First, allow me to extoll the literary device, the meta-ness—the many, many layers of meta-ness; and not of the superfluous, Inception kind. A kind that matters and is useful.  Elizabeth Costello is Coetzee’s fictional character, a novelist invited to Appleton College for three days to talk about whatever she wants.  Everyone expects her to talk about her novels, or about the craft of fiction writing more generally; to the academy’s chagrin (not to mention that of her son, John Bernard, a professor at Appleton who would have preferred no one find out about his famous mother), she instead devotes her lectures to animals.  A liberationist speaker writing a fiction piece about a fiction author giving liberationist speeches.  Brilliant.

The novel is humorous, colorful and honest, with points scored on both sides.  Day One is Elizabeth’s first lecture, entitled The Philosopher and the Animals. Day Two consists of her second lecture, The Poets and the Animals, as well as a reception dinner. On Day Three, the university hosts a debate between Elizabeth and Thomas O’Hearne, professor of philosophy at Appleton.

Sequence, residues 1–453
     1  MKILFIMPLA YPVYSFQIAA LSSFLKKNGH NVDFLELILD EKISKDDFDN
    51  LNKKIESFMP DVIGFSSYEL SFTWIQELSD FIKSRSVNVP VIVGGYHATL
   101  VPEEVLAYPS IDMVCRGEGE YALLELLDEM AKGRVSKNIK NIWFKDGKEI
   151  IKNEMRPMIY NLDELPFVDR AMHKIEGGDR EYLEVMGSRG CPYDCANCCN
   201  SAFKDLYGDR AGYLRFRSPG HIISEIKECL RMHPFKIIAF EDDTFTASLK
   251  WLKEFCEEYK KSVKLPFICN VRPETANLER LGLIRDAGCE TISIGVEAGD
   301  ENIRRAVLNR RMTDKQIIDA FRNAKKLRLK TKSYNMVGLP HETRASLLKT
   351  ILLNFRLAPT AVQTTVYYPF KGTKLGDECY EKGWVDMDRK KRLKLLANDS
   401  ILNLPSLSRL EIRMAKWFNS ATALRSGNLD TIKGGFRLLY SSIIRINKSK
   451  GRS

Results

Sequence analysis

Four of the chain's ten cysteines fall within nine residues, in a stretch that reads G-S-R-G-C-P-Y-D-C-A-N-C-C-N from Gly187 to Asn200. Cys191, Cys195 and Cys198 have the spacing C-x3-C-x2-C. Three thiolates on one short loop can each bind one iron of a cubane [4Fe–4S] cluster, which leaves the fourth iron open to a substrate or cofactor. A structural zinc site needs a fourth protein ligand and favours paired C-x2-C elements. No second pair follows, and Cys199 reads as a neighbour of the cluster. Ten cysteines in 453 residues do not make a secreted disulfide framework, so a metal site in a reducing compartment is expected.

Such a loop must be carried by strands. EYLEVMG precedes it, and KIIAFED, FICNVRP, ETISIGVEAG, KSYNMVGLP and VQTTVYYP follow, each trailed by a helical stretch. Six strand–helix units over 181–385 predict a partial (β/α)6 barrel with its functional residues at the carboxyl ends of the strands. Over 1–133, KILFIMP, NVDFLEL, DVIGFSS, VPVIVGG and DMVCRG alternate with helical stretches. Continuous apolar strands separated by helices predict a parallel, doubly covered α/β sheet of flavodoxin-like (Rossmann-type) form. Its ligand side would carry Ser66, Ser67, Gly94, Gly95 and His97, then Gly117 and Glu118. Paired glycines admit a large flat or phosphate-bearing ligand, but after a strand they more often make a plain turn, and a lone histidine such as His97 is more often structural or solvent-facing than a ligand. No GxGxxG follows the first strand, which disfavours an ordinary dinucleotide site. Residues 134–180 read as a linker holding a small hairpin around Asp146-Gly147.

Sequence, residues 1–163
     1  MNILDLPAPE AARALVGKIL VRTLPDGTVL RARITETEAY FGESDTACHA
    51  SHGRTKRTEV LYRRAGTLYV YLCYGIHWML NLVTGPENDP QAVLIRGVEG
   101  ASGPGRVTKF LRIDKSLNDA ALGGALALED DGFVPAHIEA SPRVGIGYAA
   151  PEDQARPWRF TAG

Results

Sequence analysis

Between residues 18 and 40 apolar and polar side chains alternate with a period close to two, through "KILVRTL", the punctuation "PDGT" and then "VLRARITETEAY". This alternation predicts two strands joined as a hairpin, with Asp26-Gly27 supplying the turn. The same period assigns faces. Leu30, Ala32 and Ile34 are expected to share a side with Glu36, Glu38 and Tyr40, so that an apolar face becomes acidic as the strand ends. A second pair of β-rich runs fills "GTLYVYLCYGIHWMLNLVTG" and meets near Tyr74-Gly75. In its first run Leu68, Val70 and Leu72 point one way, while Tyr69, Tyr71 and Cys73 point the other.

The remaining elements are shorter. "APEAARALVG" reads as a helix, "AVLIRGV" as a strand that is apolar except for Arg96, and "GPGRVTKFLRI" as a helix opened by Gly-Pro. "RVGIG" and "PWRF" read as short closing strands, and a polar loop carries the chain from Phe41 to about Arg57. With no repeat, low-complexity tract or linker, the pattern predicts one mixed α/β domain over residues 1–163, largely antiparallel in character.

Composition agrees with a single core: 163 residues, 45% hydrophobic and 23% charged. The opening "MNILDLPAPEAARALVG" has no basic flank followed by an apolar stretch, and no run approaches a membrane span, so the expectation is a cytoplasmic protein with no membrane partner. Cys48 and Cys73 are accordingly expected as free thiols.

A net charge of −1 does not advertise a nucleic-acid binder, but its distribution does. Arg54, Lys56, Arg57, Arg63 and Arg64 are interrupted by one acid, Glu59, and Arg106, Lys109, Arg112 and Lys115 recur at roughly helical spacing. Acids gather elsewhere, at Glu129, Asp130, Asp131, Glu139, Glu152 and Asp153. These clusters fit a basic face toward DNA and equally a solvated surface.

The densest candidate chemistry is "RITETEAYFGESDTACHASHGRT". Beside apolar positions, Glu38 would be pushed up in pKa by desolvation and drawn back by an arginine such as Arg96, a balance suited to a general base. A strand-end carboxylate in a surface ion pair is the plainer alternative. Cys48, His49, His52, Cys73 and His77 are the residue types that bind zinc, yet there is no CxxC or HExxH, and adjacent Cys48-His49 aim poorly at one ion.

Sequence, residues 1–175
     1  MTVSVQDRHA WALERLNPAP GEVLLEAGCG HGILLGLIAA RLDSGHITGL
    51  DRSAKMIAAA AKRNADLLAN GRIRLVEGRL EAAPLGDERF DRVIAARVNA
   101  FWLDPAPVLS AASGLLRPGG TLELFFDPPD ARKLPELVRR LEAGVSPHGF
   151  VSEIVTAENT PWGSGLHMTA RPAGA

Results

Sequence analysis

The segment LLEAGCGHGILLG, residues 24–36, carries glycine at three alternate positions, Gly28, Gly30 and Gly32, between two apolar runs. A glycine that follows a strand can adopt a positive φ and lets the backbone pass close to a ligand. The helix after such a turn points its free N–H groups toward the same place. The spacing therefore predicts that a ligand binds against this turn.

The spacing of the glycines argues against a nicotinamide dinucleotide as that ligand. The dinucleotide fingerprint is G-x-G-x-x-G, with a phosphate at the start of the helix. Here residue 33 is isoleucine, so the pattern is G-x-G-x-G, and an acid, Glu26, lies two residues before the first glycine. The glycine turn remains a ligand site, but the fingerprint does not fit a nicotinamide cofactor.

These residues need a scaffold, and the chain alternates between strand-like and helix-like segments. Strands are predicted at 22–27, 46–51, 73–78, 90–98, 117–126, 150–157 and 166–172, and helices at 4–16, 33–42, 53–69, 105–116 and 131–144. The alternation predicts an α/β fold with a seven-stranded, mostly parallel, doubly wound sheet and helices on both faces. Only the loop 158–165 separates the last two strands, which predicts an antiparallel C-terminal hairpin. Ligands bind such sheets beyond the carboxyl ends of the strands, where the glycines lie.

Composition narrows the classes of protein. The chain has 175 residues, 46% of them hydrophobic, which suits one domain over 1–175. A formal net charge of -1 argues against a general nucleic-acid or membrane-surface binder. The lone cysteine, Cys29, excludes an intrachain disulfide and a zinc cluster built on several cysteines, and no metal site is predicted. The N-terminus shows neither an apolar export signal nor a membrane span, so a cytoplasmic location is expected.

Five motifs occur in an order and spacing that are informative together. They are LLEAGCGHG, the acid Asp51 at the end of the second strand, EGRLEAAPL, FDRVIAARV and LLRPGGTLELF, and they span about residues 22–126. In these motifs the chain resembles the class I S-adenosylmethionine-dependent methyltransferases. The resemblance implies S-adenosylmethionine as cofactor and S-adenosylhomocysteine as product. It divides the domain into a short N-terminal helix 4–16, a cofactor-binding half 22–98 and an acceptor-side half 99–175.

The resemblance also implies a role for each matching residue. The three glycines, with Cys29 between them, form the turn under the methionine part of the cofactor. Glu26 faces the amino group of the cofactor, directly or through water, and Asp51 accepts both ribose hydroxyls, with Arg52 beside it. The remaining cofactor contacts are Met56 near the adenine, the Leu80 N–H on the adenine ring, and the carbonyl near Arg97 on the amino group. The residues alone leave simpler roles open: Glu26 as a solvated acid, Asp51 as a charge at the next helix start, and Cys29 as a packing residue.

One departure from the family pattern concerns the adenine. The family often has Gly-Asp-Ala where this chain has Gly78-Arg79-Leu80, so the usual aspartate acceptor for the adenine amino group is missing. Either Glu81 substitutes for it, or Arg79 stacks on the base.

Elizabeth’s answers are not always coherent; she rambles, goes on tangents.  Still, her examples are powerful and carefully chosen; her discussions of Franz Kafka's "A Report to an Academy" and Ted Hughes’s poem The Jaguar were, I thought, particularly gratifying.  She also scores what she herself refers to as “cheap shots” by comparing animal enslavement to the Holocaust early in her first lecture—an offense for which an aging poet, Abraham Stern, refuses to attend the reception dinner held in Elizabeth’s honor.